Japan's Koshino back in Paris to woo European market
A autumn/winter 2009 creation by Korean designer Lie Sang Bong during
Photo : Francois Guillot/AFP
The veteran 71-year-old designer, who is huge in her native Japan with four labels and around 350 shops, has not shown in the French capital for more than 15 years. Now she has come back to break into the European market, she told AFP in a backstage interview.
She was unfazed by suggestions that a world recession was not perhaps an auspicious moment.
"A crisis is an opportunity for real creativity. It is my philosophy to start something new at the most difficult time," she insisted.
Her seamless blend of East-meets-West looked perfectly in tune with the times.
The influence of the kimono pervaded but was subtly reinterpreted for a wider audience. The traditional obi or sash came in for every kind of treatment, from being rolled up to quilted, tied every which way, as big as a backpack or reduced to a dinky half belt western style.
Models slouched down the runway in sculpted black wool shifts with funnel necks, hands thrust in pockets and bare arms leaving long sleeves dangling.
Comfortable cocoon dresses in wool were handpainted, daubed in inky blue and black, or burnt orange and turquoise, some picked out with threads of lurex.
She sprinkled cherry blossom motifs or calligraphy over fluid velvets in fawn and silvery green. Cocktail frocks were a shimmering confection of cut-out brown petals mounted on old gold.
The collection opened and was rounded off with dramatic taffeta ballgowns, with a Japanese print black and white landscape down the front and a giant quilted obi behind.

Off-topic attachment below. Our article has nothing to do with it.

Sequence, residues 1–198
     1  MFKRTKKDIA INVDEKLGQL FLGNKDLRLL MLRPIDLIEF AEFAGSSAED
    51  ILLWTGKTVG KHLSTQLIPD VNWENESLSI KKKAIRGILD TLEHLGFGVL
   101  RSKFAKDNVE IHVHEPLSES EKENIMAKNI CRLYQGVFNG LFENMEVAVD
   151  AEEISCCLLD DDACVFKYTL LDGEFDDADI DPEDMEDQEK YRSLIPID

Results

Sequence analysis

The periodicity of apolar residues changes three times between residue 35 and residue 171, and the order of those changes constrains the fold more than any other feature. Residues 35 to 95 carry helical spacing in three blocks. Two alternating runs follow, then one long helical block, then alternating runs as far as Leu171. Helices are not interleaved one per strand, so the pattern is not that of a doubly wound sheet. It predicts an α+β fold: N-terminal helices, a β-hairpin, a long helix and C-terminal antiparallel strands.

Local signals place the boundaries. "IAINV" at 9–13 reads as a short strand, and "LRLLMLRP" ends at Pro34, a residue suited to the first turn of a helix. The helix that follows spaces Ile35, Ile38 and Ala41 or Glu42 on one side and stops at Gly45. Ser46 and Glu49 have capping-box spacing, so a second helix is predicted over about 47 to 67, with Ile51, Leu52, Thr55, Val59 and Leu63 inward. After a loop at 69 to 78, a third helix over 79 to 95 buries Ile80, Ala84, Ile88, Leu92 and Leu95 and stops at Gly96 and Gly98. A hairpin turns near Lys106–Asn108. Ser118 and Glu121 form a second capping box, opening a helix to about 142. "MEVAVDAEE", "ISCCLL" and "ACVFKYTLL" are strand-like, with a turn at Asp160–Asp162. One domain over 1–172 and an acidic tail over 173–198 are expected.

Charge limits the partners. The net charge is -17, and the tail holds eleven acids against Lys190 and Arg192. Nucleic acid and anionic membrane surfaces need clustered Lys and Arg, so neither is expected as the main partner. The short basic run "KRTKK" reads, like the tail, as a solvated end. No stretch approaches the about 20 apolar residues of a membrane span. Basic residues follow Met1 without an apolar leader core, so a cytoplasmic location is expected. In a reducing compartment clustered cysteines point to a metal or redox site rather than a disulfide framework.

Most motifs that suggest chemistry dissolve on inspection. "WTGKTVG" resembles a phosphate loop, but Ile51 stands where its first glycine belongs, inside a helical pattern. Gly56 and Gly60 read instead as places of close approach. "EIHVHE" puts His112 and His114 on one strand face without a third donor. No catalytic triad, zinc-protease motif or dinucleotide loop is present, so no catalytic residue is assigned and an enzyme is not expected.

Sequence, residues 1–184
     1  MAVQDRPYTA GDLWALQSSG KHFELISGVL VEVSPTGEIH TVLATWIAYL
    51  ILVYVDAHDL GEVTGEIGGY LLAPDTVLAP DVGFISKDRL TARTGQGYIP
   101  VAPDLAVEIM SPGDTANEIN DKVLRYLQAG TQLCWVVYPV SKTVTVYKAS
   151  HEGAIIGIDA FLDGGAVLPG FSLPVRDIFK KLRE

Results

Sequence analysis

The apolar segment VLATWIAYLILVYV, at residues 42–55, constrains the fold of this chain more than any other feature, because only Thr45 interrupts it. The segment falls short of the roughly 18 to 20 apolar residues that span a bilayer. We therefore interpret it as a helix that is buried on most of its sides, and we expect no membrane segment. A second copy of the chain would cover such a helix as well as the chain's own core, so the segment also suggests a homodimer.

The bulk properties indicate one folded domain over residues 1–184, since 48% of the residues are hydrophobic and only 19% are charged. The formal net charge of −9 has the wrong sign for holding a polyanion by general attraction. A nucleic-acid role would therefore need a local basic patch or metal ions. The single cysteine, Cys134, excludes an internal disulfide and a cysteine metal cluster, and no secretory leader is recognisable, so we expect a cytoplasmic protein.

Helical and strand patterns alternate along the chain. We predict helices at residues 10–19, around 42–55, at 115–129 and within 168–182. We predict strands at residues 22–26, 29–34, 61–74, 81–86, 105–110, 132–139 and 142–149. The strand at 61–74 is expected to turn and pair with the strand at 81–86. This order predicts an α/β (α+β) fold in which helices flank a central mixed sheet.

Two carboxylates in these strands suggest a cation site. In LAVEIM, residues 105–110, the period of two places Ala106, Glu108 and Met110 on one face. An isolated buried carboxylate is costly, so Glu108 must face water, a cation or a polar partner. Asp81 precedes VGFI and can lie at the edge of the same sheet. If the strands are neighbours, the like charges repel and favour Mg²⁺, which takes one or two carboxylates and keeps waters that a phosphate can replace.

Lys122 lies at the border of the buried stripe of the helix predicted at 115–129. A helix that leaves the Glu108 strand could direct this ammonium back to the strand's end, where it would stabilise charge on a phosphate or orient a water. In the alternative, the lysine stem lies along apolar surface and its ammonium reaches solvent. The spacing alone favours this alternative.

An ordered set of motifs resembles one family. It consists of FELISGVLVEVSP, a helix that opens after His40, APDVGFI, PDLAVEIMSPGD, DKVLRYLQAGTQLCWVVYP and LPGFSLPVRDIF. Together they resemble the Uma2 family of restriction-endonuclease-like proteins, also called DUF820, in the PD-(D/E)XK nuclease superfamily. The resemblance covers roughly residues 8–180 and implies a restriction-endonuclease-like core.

South Korean designer Lie Sang Bong's funky rock'n'roll take on next winter was bursting with clothes that screamed for attention and a place in the wardrobes of pop divas.
His models towered over the audience in over-the-thigh biker's boots with stiletto heels and platform soles as thick as a phone directory, in kitsch fake tiger skin and bronze leather.
It was a return to 1980s power-dressing, with shoulders so pointy you could cut yourself, some like military epaulettes with giant dangling tassels. The same outsize tassels were turned into hoola-hoola skirts and dresses.
The designer's fetish faux tiger skin turned up in short, zippy trenchcoats with matching ankle boots, bodysuits and extraordinary evening dresses which looked like finely shredded cellophane but quivered like feathers.
France's Michel Klein also picked up on the new emphasis on shoulders with the collection for his label, which he presented to press and buyers on static black tailors' dummies set out in a long line in a museum restaurant.
From the passementerie epaulettes on a navy blue gabardine dress, to skeins of wool masquerading as 'fur' collars on cardigans and coats and the sharp tailoring of a black ponyskin frockcoat, shoulders were identified as key to next season's silhouette.
Stand-out pieces included ultra-soft angora coats which looked like gorilla fur, worn over leggings in black satin leather with studs, a quilted frockcoat with circular stitching and a bolero with encrustations of chunky fake gemstones covered in black net.
Sexy party frocks and bucketloads of sequins were the mainstay of Christophe Decarnin's collection for Balmain.
His models tripped around the runway in jackets with pointy shoulders and clingy mini dresses in silver sequins edged with tulle.
The stripes of sailors' jerseys were picked out in sequins, which were even spattered across humble white Tee shirts.by Sarah Shard
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